Accordingly, to show that plea counsel failed to adequately investigate a case, a movant must show either that counsel failed to fulfill the obligation to conduct a reasonable investigation or failed to make a reasonable decision that a particular investigation was unnecessary. Conger v. State, 356 S.W.3d 217, 224 (Mo.App.E .D.2011) (citation omitted). Further, to succeed on a claim for ineffective assistance of counsel for failing to investigate, the movant must specifically allege and prove what the information was that counsel failed to discover, whether a reasonable investigation would have revealed the evidence, and how the information would have helped the movant. Anderson, 66 S.W.3d at 776.
Here, Movant clearly meets all three requirements under Anderson. He asserted the discovery provided by the State would have proven the value of the stolen liquor bottles in his possession was less than $500.00.2 This information was readily available to Trial Counsel—and was in fact already in her possession. She agreed she did not review the list of liquor values and compare the values to the list of bottles found in Movant's possession. Having the information would certainly have helped Movant: receiving stolen goods valued at $500.00 or more is a class C felony, while receiving stolen goods valued at less than $500.00 is a class A misdemeanor. Section 570.080.3–.4, RSMo. (Supp.2011). The State's discovery established only that Movant had committed a class A misdemeanor at most, not a class C felony.
The record reveals that Trial Counsel failed to conduct any sort of investigation and did not carefully read the discovery in her possession.3 Her failure to conduct any sort of investigation was not based on a well-informed strategic choice and thus was not reasonable. See Conger, 356 S.W.3d at 224; Anderson, 66 S.W .3d at 776. Trial Counsel's failure to investigate fell below any objective standard of reasonableness, making her assistance ineffective. Burnett, 311 S.W.3d at 817.
We next consider whether, despite Trial Counsel's ineffective assistance of counsel, Movant would have pleaded guilty anyway. Respondent argues on appeal that this case is similar to Vovles v.. State, in which the Southern District held that, regardless of whether counsel was ineffective for failing to investigate, Voyles failed to prove he would not have pleaded guilty but would have gone to trial. 272 S.W.3d 921, 924 (Mo.App.S.D.2009). In Vovles, the defendant pleaded guilty to failing to return rental property worth over $500.00, although the State's evidence showed the property was worth less than $500.00. Id. at 922. In his motion for post-conviction relief, he asserted his counsel was ineffective for failing to investigate and he would not have pleaded guilty had he known the facts did not support the charges against him. The motion court denied his motion. The Southern District found that because counsel testified Voyles made himself unavailable to discuss the case with counsel and insisted on pleading guilty even though counsel told Voyles that discovery was not complete, Voyles could not prove he would not have pleaded guilty but for counsel's failure to investigate. Id. at 924.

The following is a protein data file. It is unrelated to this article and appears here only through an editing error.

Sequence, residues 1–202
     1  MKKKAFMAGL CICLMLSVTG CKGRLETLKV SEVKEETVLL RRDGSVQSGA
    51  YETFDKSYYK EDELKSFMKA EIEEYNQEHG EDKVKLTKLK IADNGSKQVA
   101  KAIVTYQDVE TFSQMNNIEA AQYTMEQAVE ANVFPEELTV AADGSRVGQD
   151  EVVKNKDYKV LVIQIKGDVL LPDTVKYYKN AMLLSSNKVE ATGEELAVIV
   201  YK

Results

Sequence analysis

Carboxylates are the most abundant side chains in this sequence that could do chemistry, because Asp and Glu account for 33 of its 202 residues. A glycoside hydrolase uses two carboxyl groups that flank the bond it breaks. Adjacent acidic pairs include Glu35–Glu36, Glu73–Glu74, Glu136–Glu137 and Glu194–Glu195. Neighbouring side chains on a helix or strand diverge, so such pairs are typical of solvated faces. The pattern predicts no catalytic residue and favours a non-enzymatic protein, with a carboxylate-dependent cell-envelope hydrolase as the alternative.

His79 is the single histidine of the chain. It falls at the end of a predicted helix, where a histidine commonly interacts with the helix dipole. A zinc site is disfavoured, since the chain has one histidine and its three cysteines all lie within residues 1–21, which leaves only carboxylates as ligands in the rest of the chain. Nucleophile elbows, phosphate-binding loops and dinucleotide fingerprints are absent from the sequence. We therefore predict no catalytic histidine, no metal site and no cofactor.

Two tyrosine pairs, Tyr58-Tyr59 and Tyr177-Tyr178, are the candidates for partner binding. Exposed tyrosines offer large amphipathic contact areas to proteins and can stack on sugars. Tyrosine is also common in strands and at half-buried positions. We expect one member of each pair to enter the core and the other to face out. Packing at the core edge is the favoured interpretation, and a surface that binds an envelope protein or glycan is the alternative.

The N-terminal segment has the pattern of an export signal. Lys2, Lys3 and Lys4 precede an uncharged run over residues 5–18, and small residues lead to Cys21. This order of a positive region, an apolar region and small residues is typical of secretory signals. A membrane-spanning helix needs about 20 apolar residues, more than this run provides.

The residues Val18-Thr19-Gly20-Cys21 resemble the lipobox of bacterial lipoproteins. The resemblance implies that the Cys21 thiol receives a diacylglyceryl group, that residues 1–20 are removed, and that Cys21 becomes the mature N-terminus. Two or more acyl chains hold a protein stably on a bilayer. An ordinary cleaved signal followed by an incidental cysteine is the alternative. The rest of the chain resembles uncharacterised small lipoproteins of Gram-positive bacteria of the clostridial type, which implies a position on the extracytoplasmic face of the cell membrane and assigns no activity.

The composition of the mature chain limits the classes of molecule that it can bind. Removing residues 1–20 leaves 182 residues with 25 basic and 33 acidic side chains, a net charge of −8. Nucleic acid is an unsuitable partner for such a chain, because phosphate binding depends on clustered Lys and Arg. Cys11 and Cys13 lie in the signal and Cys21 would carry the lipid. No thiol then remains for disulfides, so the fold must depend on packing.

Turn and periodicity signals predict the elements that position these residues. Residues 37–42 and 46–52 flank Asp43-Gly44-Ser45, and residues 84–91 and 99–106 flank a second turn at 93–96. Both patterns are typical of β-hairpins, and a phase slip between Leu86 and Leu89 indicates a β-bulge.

We agree with Movant, however, that Voyles is distinguishable from our case at bar. Here, although this case, as in Voyles, was resolved very quickly, discovery was completed before Movant pleaded guilty. Trial Counsel told Movant that she forgot to bring the discovery to the arraignment, showing that she had in fact received the discovery. Likewise, at the Rule 24.035 motion hearing, Trial Counsel testified that she did not review the discovery before arraignment, which also indicates she had received discovery.4 Moreover, unlike in Voyles, Movant made himself available to discuss the case and on two different occasions before his plea sent Trial Counsel correspondence specifically requesting a copy of the discovery. While the motion court found that, as in Voyles, Movant insisted on pleading guilty, Movant testified that he pleaded guilty so quickly only because the plea offer was expiring. The State has not contradicted Movant's sworn testimony that the State's plea offer would expire on September 5.